All I can say is that you make me… you make me into someone I couldn’t even imagine. You make me happy, even when you’re awful. I would rather be with you – even the you that you seem to think is diminished – than with anyone else in the world.”Excerpt from:
Me Before You
by Jojo Moyes
Synopsis from Gradesavers
Me Before You begins with its protagonist, Louisa Clark, losing her steady job at a cafe. Since her family’s financial situation is increasingly worrisome, she takes the best available job in her small town: care worker for a quadriplegic man. The man is Will Traynor, a former London businessman who has been seriously injured in an accident. Will is bitter when Lou first meets him, and subjects her to cruelty and ironic asides. However, the two eventually begin to connect, sharing jokes and treating one another with straightforward honesty. Will encourages Lou to explore interests outside of her comfort zone, while Lou gives Will practical assistance and helps him to feel less depressed.
This novel’s plot is the most touching I’ve read at any time in my life. This book provides insight into what life may be like for individuals who have actual handicaps as well as those who have everyone around them. This is not the type of book I usually read. Indeed, I typically avoid “sickness”-related novels, and I also sought to avoid tales of physical incapacities, because I have a direct family with me who can’t walk, and as a result, I am quite sensitive about the subject. However, I lament holding this book unread on my iBook for up to a year.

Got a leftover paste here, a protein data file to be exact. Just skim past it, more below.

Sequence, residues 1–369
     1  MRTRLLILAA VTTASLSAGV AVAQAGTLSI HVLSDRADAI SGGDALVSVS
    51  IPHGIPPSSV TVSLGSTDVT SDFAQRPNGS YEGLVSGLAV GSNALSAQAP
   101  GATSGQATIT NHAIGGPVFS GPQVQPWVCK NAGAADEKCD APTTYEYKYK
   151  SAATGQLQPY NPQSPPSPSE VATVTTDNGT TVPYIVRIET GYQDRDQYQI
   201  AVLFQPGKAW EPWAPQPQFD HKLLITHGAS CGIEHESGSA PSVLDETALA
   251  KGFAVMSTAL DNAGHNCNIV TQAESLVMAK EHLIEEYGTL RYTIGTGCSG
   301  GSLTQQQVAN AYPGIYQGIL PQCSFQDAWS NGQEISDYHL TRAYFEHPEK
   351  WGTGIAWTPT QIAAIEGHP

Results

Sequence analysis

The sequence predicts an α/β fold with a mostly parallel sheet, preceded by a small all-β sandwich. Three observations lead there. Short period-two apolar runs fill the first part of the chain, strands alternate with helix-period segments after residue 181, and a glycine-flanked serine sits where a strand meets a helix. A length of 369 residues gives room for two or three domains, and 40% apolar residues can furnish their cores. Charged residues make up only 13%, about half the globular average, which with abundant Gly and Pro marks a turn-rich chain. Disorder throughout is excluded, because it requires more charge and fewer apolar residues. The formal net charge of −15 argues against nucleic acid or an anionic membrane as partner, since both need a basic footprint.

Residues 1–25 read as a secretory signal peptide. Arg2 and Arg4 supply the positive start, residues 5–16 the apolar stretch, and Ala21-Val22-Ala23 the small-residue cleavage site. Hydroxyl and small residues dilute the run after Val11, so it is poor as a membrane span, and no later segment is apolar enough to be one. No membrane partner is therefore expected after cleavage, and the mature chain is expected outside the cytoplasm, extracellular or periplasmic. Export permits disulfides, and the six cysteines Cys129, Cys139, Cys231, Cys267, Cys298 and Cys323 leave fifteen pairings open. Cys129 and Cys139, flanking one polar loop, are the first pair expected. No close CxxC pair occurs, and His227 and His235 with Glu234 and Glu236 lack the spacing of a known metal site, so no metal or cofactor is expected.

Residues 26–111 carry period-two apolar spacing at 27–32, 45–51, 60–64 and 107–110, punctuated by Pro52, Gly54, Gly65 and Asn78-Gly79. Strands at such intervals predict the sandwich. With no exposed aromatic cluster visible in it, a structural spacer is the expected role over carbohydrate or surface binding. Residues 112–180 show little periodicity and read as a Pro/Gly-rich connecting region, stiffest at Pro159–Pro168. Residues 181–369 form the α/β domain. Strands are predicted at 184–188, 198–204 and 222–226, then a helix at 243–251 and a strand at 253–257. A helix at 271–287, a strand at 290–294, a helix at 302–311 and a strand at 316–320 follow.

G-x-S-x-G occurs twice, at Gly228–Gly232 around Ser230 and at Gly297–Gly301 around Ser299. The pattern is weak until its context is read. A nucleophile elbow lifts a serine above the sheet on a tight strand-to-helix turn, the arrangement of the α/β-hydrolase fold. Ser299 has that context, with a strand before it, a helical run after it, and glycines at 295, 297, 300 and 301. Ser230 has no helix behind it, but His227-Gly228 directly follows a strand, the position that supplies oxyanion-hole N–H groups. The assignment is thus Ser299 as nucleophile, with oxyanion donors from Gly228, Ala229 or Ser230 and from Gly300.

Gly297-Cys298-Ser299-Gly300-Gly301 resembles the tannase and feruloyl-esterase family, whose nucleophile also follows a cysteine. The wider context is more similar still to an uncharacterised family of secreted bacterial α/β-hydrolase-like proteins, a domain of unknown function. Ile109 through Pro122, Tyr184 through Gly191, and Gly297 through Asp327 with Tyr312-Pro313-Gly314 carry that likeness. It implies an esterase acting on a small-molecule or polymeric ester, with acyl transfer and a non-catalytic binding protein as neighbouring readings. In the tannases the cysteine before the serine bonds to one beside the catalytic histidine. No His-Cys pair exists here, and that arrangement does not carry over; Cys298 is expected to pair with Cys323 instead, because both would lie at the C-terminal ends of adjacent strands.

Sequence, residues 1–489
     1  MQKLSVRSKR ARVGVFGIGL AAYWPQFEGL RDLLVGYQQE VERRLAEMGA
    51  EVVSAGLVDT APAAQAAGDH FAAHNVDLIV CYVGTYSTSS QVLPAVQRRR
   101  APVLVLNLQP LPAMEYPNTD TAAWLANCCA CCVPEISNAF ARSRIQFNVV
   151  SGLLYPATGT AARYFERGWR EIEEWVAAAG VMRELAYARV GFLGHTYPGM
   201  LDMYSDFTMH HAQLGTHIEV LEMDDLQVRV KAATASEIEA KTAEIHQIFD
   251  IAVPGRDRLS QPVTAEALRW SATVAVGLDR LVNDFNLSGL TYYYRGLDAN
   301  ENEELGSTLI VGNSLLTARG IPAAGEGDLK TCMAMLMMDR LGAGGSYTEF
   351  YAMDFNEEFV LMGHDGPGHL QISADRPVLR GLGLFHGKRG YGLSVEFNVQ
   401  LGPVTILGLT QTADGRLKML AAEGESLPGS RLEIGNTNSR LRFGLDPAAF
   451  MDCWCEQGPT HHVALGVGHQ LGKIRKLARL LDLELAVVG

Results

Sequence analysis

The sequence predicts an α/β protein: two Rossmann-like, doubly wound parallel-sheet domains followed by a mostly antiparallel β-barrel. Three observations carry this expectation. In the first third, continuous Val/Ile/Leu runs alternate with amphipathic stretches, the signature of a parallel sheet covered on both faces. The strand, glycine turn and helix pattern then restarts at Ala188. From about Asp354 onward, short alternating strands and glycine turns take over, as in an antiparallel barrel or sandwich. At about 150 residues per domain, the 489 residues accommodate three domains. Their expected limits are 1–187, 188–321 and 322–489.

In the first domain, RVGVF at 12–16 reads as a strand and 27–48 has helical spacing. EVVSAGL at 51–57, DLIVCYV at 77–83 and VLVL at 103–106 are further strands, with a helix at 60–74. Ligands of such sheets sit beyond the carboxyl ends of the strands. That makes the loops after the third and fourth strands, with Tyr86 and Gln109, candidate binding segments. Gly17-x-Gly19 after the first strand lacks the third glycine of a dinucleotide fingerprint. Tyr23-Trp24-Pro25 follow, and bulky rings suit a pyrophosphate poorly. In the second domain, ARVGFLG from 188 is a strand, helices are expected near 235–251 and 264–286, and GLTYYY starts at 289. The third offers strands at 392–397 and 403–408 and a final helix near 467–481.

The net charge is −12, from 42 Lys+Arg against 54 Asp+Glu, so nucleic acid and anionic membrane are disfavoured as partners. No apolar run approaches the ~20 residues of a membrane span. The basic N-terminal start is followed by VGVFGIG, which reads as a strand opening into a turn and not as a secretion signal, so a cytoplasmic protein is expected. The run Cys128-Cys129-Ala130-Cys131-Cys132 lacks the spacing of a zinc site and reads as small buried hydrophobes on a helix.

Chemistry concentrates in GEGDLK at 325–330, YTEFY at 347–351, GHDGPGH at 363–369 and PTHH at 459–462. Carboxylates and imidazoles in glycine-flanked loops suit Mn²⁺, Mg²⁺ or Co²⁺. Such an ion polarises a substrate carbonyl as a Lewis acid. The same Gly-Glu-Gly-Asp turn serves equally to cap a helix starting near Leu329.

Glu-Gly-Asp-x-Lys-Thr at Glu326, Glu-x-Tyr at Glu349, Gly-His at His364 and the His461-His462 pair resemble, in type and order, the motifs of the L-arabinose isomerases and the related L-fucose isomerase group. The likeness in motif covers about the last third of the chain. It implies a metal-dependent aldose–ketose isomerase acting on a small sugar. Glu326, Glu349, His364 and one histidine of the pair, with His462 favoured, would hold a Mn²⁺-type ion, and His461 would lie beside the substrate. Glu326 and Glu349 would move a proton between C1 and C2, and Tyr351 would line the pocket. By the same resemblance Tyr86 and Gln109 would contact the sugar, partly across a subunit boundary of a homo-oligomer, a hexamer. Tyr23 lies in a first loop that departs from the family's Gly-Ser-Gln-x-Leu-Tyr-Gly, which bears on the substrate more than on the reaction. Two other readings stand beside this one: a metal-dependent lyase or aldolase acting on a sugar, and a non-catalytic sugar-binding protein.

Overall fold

Given that there isn’t any actual physical touch in the plot, I might claim that this novel is entirely different in sentiment from anything else I’ve read. Everything revolves around Lou and Will’s ardent friendship. The main characters, rather than the odd ones you typically see in love novels, seem to be growing closer to one another. This is the sensation you have when you no longer dare to hope for a relationship like this. A few times while reading this book, I really burst into tears, and I had to put the book down for a moment so that I could let all of my emotions out, especially in the final chapter.
Me Before You is a superbly emotional tale which will make us read till the early hours of the morning with a stack of folded tissues on our bedside. Effectively, people will perceive people with disabilities in a clearer light than they previously did. I can’t recommend this book enough. It is really astounding and certainly a must-read for anyone. Please give it a chance; I didn’t feel that this sort of book was for me, but it will always be on my list of favorite novels. To all book readers out there, I wholeheartedly suggest this book. ☺️